An Introduction to Psychology of Religion
Developed in almost thirty years of classroom experience, this book is designed to introduce students and other readers to the psychological study of religion. Robert W. Crapps deals with the major questions and figures that have dominated the psychological study of religion over the past century, dividing the discussion into four parts. Two chapters in part one suggest the problems and possibilities for the psychological study of religion in light of the nature of religion and the scientific method. Part two sketches the contributions to the study of religion of three intellectual currents in contemporary psychology: psychoanalysis, behaviorism, and humanistic psychology. part three explores the relationship between religion and human development, while part four directs attention to religious lifestyles and that weave differentiated parts of human experience into a cohesive whole. -- Publisher description.
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adolescence adult adulthood affirmation Allport American analysis attempts B. F. Skinner behavioristic believed Benjamin Beit-Hallahmi biblical Chicago child childhood Christian church cognitive commitment concepts consciousness contemporary context culture decision discussion divine Dynamic Psychology emotional ence Erich Fromm Erik Erikson Erikson ethical faith feelings forms Freud Fromm function Fundamentalism gion gious glossolalia Gordon Allport groups growth guilt Harper humanistic Ibid ideas illusion important individual institutional intense interpretation James Jung Leon Festinger ligious Maslow mature meaning method moral mysticism obedience one's organization patterns Paul Tillich Peak-Experiences Pentecostal persons physiological Piaget positive thinking psychoanalysis Psychology and Religion Psychology of Religion relationship reli Religion New York religion of authority religion of becoming religious experience religious life-style responsibility rience ritual scientific method sense social soul Spirit stage Starbuck structures Study of Religion superego symbols theologian Theology theory Tillich tion tradition trans understanding values Wayne Oates words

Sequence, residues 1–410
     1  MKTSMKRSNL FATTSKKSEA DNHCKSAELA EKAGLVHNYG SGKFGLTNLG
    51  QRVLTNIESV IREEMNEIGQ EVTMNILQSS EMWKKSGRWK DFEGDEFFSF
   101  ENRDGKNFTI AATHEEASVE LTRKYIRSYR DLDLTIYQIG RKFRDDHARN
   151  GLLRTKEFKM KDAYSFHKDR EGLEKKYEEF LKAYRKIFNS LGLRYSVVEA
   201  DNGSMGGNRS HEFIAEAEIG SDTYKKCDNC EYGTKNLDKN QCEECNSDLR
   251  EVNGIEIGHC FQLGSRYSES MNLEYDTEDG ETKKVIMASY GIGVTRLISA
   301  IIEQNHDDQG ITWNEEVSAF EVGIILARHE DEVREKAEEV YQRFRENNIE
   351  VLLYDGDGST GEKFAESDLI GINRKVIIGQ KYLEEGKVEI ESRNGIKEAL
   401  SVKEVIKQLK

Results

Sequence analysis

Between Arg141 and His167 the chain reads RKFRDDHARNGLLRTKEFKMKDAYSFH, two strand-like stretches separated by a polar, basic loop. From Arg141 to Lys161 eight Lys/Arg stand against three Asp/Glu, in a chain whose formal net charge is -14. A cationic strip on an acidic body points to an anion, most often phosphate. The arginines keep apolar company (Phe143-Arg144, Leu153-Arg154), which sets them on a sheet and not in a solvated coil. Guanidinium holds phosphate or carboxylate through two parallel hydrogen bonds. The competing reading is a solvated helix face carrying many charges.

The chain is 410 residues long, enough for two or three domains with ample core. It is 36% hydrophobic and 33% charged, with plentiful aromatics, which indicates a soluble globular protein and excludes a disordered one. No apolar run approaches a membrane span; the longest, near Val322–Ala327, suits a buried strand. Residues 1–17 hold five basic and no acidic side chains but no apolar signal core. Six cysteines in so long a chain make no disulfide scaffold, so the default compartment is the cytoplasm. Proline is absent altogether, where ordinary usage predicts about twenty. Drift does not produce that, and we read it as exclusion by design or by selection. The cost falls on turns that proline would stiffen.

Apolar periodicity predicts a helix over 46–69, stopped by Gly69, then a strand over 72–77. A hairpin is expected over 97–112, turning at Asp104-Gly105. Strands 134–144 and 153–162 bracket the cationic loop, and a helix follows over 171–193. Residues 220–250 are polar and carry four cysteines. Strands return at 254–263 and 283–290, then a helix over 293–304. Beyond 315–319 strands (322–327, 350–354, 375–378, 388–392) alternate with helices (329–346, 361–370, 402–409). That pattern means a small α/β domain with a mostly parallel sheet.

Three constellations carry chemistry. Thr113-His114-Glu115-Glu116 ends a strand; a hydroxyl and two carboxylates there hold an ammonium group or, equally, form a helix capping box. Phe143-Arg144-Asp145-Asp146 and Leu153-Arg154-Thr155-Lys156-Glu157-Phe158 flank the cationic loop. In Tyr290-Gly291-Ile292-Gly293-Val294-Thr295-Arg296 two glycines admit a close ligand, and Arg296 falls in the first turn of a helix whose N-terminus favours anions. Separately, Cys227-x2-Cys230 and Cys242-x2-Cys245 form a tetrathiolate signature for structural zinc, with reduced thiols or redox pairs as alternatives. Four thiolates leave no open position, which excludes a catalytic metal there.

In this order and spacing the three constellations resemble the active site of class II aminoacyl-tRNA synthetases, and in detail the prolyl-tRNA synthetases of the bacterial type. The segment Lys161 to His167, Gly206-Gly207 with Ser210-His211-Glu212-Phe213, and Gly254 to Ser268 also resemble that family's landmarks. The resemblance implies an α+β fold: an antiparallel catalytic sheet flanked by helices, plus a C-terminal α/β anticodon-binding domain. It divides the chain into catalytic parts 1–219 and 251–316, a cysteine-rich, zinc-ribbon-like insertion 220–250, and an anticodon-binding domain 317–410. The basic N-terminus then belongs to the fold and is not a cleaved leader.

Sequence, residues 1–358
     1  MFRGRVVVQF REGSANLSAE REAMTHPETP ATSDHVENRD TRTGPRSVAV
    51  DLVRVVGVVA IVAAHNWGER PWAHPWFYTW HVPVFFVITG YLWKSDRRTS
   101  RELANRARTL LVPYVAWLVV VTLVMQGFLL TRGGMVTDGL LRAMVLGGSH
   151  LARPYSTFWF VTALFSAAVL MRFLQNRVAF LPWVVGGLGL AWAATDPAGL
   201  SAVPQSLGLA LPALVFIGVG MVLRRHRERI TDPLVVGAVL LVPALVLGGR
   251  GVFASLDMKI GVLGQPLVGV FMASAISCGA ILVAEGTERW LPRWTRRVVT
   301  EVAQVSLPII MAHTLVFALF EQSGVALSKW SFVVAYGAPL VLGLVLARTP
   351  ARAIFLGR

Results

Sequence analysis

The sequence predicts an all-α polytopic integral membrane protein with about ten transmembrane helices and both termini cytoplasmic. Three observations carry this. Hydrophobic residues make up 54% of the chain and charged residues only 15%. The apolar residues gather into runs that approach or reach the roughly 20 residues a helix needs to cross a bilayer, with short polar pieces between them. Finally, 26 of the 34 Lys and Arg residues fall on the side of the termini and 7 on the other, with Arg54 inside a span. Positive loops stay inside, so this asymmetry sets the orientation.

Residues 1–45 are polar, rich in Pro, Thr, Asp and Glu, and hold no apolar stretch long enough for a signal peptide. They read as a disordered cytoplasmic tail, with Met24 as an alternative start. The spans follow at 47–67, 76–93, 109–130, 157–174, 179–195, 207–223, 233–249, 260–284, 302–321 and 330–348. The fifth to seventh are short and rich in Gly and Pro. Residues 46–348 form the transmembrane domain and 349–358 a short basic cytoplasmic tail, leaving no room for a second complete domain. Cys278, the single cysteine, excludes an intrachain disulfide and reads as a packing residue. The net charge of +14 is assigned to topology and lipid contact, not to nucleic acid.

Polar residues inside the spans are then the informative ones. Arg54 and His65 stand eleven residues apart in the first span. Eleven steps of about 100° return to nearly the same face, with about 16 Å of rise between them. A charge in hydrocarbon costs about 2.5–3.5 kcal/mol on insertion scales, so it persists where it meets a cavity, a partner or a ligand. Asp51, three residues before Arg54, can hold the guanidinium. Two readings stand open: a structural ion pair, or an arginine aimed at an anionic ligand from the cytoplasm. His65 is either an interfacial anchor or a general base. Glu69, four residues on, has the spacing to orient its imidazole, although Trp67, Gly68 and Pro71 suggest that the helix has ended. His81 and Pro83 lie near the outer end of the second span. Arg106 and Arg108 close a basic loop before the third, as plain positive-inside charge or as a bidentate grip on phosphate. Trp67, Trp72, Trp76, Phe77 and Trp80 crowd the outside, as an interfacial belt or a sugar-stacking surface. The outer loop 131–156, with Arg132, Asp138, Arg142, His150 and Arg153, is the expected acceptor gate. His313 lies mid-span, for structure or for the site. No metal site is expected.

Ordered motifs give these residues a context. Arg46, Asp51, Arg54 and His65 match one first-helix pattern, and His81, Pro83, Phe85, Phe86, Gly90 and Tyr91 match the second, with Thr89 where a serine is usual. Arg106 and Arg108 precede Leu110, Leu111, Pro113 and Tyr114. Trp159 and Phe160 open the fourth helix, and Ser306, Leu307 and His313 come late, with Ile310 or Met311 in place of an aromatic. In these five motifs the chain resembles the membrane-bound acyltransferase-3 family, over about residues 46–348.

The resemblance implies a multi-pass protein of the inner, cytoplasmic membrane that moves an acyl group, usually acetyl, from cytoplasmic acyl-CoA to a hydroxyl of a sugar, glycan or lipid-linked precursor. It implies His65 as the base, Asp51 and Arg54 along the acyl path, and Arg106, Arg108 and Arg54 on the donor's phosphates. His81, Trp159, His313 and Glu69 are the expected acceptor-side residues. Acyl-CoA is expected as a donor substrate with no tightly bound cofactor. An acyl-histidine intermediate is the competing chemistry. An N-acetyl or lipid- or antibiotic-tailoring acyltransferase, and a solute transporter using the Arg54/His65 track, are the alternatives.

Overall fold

Page 27 - TO be converted, to be regenerated, to receive grace, to experience religion, to gain an assurance, are so many phrases which denote the process, gradual or sudden, by which a self hitherto divided, and consciously •wrong inferior and unhappy, becomes unified and consciously right superior and happy, in consequence of its firmer hold upon religious realities.